CLARENCE City Council and The Cottage School have dug in to improve the understory habitat for a protected bandicoot as part of National Tree Day – Australia’s largest community tree-planting and nature care event.
Held across the nation on Sunday 1 August, with the schools-specific event having taken place on 30 July, council lent its support to the community-minded students at the Cottage School in its mission to improve the habitat at Wentworth Park in Howrah, which is home to the Southern Brown Bandicoot.
Found in many reserves across Clarence, the Southern Brown Bandicoot is a protected native species, and while common in Tasmania, is endangered on mainland Australia.
It requires a dense ground cover of native tussock grasses, sedges and shrubs for shelter and nesting.
Clarence City Council Mayor Alderman Doug Chipman said council was proud to continue supporting schools and community groups in protecting the city’s important flora and fauna habitats.
“Clarence has significant areas of coastal and bushland reserves and it’s so great to see the community dig in to help protect and restore our native habitats, enhancing the work council is already doing in these spaces,” he said.
“Clarence is home to the protected Southern Brown Bandicoot and the efforts at Wentworth Park will help revitalise the native habitat and ensure that these wonderful animals can survive and thrive long into the future.
“I highly commend the students at Cottage School for taking the time to learn about the importance of endemic and threatened native species and do their part in protecting the environment.”
Clarence City Council has supported several school and community groups in its National Tree Day efforts this year through funding trees, planting supplies, and providing in-person support on the day.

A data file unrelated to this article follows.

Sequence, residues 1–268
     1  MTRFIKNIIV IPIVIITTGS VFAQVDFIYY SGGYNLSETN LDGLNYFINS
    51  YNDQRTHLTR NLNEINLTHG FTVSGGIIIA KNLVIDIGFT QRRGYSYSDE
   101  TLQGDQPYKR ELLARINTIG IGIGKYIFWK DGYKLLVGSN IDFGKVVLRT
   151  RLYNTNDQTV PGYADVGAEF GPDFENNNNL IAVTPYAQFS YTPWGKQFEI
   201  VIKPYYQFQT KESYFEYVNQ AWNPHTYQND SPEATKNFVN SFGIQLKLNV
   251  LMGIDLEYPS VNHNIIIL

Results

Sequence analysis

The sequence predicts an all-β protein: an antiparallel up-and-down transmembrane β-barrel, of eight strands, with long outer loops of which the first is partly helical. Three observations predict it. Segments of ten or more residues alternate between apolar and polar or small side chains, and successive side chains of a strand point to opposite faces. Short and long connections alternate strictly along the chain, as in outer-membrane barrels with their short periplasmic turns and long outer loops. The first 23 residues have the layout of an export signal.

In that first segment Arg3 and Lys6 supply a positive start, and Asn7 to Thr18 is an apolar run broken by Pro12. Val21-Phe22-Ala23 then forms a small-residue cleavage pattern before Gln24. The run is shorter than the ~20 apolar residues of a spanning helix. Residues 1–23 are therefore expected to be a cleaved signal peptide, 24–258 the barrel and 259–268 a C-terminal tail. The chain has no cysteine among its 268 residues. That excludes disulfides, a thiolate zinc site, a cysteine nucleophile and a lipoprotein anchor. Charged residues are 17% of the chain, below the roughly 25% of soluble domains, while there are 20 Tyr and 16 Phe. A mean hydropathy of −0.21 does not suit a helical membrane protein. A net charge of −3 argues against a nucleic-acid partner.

The planting at Wentworth Park builds on the work already undertaken through Howrah Primary School’s Bandicoot Bunker program, which is delivered in partnership with Clarence City Council and the Acton Park Landcare Group, and aims to build natural habitats while educating children about being good custodians of nature and wildlife.
The Cottage School kinder teacher Stephanie Becker said the students cared greatly about the environment and local native animals.
She said her class had begun learning about nests and the impact human activity had on the habitats of native Tasmanian animals.
“Most recently, we explored the Southern Brown Bandicoot and learnt that without the protection of an understorey and low ground cover, bandicoots are vulnerable to predators,” she said.
“Participating in the Bandicoot Bunker Program and National Tree Day was a wonderful opportunity for our youngest children to make connections with the community while actively helping our bandicoot populations to flourish.”
Cottage School kindergarten student Oliver Aveling, aged five, said “the plants and bushes will help the bandicoots move safely around the park”, and Sparkles Hanson, aged five, said it would “help the bandicoots survive.”